How to Paint Melamine and Laminate Surfaces

Painted Laminate Countertop

Charles & Hudson/Flickr/CC By  2.0

Laminate and melamine surfaces are known for becoming outdated quickly. They also tend to get scratched and nicked with normal use, and many countertops have a burn mark or two. And unlike homogeneous solid surface materials, such as Corian or butcher-block wood, both of which can be effectively sanded down smooth and brought back to like-new condition, laminate and melamine are composed of multiple layers that should not be sanded through. But you can do the next-best thing: resurface laminate or melamine with a quality paint job.

Prepare the Surface

Unlike wood, laminate and melamine cannot be sanded down to a natural grain; they have no natural grain. With wood, exposing grain is vital for the paint to adhere. Laminate and melamine are designed to repel kitchen spills, like food, oil, and water. Unfortunately, paint is similar to a spill, too, and these surfaces do a reasonably good job of preventing paint from sticking.

Therefore, it is vital to prepare the surface so that the paint will stick over the long term. Improperly applied paint will peel off of laminate and melamine, creating a bigger mess than you started out with. The keys are to degloss and roughen the plastic surface of laminate and melamine and to use the right paint or coating products. Some paints call for primers; others can be used without it.

Choosing the Right Paint

For counters, instead of using ordinary paint, you might want to purchase an all-in-one countertop resurfacing system, such as Rust-Oleum's Countertop Transformations. These kits are formulated for the rigors of countertops by laying down a thick top coat that is securely adhered with a bonding primer coat.

These systems are markedly different from paint-only processes in that they include a layer of solid decorative chips. The chips are dispensed from a hand-cranked spreader, much like an outdoor spreader that you use to disperse grass seed. These chips lay down a thick coat that is far thicker than paint, plus it effectively covers up all scratches.

Alternatively, you can use a urethane-reinforced acrylic paint, such as INSL-X Cabinet Coat. While more expensive than the ordinary acrylic-latex paints you would use on drywall, the urethane-reinforced products have better hiding abilities and will stick better to problems surfaces. Cabinet Coat is designed to adhere to plastic, metal, and urethane surfaces without a primer, but laminate and melamine surfaces should be sanded before painting.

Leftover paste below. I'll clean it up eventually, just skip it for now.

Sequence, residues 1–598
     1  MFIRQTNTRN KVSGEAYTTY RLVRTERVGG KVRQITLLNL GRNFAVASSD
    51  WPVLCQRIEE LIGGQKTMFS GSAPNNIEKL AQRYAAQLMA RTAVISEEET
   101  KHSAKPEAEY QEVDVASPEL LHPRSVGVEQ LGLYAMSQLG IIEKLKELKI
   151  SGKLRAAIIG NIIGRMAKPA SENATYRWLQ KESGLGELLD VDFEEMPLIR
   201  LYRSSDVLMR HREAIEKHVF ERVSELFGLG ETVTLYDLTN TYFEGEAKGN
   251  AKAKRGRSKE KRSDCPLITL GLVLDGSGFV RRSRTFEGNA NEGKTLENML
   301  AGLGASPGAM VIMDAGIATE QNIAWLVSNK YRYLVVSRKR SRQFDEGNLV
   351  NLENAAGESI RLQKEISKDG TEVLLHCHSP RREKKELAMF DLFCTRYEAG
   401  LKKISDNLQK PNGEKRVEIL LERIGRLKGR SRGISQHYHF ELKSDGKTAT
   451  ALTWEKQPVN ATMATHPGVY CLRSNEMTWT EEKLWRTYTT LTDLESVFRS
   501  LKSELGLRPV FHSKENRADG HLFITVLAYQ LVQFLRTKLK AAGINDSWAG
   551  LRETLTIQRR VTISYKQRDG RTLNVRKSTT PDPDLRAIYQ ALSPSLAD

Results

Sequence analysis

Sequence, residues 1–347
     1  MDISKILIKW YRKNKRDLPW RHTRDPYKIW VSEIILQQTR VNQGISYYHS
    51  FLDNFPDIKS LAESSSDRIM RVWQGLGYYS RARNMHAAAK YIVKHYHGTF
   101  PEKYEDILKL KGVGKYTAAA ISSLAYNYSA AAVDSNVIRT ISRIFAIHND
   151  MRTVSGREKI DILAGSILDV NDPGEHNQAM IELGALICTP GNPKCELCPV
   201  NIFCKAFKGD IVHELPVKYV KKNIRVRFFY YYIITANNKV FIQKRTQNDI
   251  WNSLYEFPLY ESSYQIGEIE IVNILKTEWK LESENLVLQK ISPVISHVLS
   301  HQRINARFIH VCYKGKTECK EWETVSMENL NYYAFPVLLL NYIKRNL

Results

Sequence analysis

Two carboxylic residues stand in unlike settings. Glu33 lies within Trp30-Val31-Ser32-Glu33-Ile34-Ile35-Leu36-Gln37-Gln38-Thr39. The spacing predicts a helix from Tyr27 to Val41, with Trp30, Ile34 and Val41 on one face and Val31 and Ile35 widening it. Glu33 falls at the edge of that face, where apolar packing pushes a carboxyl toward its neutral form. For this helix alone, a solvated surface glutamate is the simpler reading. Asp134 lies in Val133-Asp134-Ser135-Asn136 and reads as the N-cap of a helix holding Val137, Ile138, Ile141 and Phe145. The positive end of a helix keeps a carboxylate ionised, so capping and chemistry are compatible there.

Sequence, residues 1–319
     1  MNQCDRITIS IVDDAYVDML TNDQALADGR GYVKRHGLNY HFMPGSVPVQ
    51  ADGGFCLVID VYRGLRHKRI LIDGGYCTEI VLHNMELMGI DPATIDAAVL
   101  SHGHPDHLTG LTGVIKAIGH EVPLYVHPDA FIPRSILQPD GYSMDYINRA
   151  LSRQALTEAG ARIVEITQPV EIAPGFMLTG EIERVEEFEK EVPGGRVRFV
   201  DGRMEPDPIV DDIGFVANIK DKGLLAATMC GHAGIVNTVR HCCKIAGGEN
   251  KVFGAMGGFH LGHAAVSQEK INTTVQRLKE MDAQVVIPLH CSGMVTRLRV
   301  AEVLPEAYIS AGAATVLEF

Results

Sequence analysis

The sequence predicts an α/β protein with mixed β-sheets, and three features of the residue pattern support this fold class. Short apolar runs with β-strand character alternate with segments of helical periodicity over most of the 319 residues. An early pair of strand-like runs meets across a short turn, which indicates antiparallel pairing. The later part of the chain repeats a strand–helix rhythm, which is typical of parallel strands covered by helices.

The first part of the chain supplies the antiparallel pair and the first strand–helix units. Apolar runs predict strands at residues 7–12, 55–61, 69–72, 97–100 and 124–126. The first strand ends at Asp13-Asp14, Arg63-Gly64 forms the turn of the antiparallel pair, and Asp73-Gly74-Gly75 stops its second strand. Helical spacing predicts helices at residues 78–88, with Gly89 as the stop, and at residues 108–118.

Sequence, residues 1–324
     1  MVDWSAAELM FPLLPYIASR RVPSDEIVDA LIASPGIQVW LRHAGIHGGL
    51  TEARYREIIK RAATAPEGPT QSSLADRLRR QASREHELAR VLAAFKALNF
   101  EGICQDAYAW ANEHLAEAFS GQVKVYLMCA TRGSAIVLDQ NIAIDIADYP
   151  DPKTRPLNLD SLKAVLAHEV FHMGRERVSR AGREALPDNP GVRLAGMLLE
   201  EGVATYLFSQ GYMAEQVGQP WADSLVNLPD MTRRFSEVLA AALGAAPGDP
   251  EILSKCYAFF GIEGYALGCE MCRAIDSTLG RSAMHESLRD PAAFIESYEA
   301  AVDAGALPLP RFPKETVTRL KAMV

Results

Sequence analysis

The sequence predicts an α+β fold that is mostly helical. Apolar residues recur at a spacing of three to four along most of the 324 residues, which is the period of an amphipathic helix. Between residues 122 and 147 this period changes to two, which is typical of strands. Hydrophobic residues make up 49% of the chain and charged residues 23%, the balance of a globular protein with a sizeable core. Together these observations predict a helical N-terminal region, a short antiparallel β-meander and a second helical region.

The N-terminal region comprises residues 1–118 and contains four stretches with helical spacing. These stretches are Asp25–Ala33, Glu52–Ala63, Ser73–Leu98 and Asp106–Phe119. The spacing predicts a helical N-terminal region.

A third option is to apply a 100 percent acrylic, flash-bond primer, such as XIM (Rust-Oleum), Bullseye 1-2-3 (Zinnser), or Fresh Start (Benjamin Moore), followed by two coats of satin or semi-gloss enamel paint and two coats of clear acrylic sealer.

Tools and Supplies You Will Need

  • Box fan
  • Drop cloths
  • Painter's tape
  • Contractor's paper
  • Plastic sheeting
  • Dust mask or respirator
  • 150- or 180-grit sandpaper
  • Work light
  • Tack cloth
  • Clean, lint-free cloths
  • Mineral spirits
  • Paint roller with dense-foam roller cover
  • Synthetic-bristle paintbrush
  • Paint


Prepare the Area

Remove all items near to the cabinets or counters to a garage or a covered patio. Open up the windows. If desired, set up a box fan so it blows out of one window, to promote cross-ventilation through the work area. Place drop cloths on the flooring and tape contractor's paper or plastic on all surfaces that will not be receiving the coating. Confine the work area with plastic sheeting to prevent sanding dust from traveling throughout the house.

Roughen up the Surface

Protect yourself from sanding dust with a dust mask or respirator. Sand down the laminate or melamine surface with 150- or 180-grit sandpaper. Frequently check that you are bringing down all glossy surfaces to a matte (or flat) finish by checking with a work light. Do not sand down too hard or you risk damaging the thin wear layer of the laminate or melamine.

Clean the Surface

Wipe down the surface with a tack cloth, using light pressure to prevent transferring the wax from the cloth to the surface. Follow by wiping down the surface with mineral spirits and clean, lint-free cloths. Let the surface dry completely.

Apply the First Coat

Apply a thin coat of paint to the entire surface, using a paintbrush for the edges and tight spots and a roller with a high-density foam roller cover (for smooth surfaces) for the flat areas. Take special care to maintain a wet edge while painting: Overlap the edge of each painted section with fresh paint before the previously painted edge dries. Allow the first coat to dry for at least 6 hours or as recommended by the manufacturer.

Note: You can passively ventilate the work area, if desired, during the initial drying process for any of the paint coats, but do not use fans, which can pull airborne dust and debris onto the wet paint. Ventilate with open windows only if there is no air disturbance or strong drafts in the work area. Also, make sure the temperature and humidity levels in the work area stay within the manufacturer's recommended ranges. In general, odor from drying or curing coatings is strongest while the coating is still wet.

Apply the Subsequent Coats

Apply one or more coats of paint, using the same techniques. Let each coat dry as directed.

Cure the Surface

Let the final coat cure fully for two to three weeks before placing any heavy objects on it or scrubbing the surface vigorously. You do not need to ventilate the area during this period. In the meantime, you can use the surface gently and clean it only with a damp cloth. Letting the paint cure fully before using the surface as usual will help prevent appliances and stored items from sticking to the paint or marring the finish.